Church of the Entry into Jerusalem (1774-94), Southwest View, Tot'ma, Russia


This southwest winter view of the Church of the Entry of Christ into Jerusalem in Tot'ma (Vologda Oblast) was taken in 1997 by Dr. William Brumfield, American photographer and historian of Russian architecture, as part of the "Meeting of Frontiers" project at the Library of Congress. Located on the Sukhona River, Tot’ma for centuries was part of an important trading network that led from the Russian heartland northward to the White Sea. This network, and its links to Saint Petersburg and Moscow, sustained the prosperity of such river towns. Tot’ma's range even extended to the New World via Alaska. The Church of the Entry of Christ into Jerusalem, for example, was erected in 1774-94 with funds provided by the brothers Grigorii and Pëtr Panov, merchants involved in the trade with "Russian America." The imposing height of this structure was dictated not only by aesthetic considerations, but also by its inclusion of two churches, of which the unheated, two-story upper church was used only in the summer. The pilasters that segment the facade, the elaborate scroll work between the window courses, and the detailing of the cornice and drums that support the five cupolas are implemented with an assured sense of proportion. The bell tower attached to the vestibule on the western side of the church echoes the vertical accent of the main structure.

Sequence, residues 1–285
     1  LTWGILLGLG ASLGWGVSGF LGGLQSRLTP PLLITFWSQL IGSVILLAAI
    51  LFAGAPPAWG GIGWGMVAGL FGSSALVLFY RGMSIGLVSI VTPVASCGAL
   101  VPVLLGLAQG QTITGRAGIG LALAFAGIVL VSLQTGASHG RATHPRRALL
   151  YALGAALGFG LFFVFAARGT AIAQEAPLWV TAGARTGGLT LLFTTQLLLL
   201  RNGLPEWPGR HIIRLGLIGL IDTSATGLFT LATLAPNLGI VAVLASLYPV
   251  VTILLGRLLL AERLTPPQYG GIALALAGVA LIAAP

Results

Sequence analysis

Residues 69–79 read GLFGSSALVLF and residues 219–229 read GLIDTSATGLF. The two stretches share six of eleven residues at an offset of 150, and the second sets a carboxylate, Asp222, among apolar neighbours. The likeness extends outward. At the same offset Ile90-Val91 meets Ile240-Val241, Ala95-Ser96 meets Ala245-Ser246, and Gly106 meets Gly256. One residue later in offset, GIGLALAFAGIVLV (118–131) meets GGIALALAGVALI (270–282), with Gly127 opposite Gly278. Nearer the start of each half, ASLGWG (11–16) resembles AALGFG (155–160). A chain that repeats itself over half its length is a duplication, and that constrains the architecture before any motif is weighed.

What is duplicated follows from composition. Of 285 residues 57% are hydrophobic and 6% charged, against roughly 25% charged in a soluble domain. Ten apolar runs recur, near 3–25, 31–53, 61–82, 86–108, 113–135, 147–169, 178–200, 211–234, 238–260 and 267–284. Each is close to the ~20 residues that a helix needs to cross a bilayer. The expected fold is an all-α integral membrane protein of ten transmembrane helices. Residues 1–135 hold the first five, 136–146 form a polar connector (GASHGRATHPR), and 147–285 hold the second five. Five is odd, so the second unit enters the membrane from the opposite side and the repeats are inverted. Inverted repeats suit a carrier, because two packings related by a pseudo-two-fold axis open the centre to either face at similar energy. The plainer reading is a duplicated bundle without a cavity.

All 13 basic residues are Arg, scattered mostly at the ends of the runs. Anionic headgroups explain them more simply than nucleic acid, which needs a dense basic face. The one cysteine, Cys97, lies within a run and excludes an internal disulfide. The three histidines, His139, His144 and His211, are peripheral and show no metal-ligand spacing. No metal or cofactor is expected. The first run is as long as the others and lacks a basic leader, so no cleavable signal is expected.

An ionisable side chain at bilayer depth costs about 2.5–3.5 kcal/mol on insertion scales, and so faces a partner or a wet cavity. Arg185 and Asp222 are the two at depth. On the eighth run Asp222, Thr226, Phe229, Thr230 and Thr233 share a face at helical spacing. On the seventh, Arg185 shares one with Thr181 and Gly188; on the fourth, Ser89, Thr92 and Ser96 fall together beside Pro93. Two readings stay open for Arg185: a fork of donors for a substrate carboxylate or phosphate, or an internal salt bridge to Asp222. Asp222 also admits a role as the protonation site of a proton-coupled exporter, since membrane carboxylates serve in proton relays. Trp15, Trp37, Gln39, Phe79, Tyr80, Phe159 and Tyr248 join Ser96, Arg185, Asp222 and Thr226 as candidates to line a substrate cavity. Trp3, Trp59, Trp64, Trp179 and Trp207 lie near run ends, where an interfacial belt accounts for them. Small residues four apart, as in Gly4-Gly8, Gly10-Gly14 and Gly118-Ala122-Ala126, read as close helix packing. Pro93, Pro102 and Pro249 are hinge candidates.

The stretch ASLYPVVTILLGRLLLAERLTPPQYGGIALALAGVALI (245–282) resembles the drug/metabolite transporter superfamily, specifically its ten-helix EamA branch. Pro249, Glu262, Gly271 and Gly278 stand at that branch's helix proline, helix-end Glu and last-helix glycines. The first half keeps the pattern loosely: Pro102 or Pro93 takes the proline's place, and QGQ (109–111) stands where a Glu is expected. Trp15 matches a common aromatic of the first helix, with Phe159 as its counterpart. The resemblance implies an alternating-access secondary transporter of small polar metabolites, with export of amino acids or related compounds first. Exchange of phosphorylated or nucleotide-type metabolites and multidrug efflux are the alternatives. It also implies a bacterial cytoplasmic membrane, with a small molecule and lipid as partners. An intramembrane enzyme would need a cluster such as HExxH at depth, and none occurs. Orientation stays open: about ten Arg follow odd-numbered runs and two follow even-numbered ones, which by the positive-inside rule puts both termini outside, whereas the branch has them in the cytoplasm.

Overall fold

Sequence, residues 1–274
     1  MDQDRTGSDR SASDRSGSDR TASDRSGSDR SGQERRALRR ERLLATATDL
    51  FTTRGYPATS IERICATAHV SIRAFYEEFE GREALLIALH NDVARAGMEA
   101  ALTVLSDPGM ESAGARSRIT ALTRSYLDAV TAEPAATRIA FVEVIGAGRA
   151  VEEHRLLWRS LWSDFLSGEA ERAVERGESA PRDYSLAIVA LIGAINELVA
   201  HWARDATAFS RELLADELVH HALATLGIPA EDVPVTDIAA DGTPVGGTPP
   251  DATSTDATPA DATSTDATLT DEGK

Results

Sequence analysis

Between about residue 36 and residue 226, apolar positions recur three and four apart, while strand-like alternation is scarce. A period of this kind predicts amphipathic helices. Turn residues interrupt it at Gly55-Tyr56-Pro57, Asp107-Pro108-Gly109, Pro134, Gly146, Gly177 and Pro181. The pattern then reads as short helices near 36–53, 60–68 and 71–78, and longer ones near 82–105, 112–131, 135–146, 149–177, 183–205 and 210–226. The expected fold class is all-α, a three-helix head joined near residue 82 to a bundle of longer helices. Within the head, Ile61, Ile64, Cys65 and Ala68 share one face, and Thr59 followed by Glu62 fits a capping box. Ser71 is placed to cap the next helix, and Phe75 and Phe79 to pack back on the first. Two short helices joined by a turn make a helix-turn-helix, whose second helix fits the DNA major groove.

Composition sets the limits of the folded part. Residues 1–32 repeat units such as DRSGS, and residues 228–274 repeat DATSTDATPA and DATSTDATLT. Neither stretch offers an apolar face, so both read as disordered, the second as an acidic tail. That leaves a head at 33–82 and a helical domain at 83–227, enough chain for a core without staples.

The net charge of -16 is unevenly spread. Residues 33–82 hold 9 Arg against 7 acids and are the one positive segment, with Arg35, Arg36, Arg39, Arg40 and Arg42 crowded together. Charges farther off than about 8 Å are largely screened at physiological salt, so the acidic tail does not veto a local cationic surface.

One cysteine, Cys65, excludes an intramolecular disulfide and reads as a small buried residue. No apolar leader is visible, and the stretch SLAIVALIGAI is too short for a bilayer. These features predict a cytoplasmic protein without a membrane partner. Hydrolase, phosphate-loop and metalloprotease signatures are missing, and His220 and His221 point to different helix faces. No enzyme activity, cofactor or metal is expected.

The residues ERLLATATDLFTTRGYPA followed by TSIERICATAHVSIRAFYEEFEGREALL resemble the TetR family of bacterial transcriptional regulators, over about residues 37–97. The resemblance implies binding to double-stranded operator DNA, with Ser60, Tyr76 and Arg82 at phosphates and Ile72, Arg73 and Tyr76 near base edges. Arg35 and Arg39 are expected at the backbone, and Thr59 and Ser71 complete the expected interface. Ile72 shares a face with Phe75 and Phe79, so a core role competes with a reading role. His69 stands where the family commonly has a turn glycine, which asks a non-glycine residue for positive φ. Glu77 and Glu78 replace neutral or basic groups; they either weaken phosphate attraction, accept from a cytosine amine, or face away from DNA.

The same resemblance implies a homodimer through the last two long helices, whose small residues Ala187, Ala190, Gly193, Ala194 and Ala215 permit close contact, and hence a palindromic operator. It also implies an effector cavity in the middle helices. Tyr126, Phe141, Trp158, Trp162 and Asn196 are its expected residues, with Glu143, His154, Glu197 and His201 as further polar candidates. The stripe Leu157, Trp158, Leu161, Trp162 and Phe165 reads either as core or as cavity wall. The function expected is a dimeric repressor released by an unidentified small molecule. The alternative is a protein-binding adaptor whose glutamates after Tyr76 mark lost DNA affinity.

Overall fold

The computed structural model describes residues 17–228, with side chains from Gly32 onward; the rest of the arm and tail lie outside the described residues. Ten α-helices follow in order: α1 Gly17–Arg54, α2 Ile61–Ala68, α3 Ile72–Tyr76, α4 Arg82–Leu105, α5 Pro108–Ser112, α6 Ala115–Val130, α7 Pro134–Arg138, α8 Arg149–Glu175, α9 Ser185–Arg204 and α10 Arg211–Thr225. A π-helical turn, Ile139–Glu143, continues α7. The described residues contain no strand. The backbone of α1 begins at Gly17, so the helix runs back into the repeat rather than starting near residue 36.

Last updated: January 11, 2016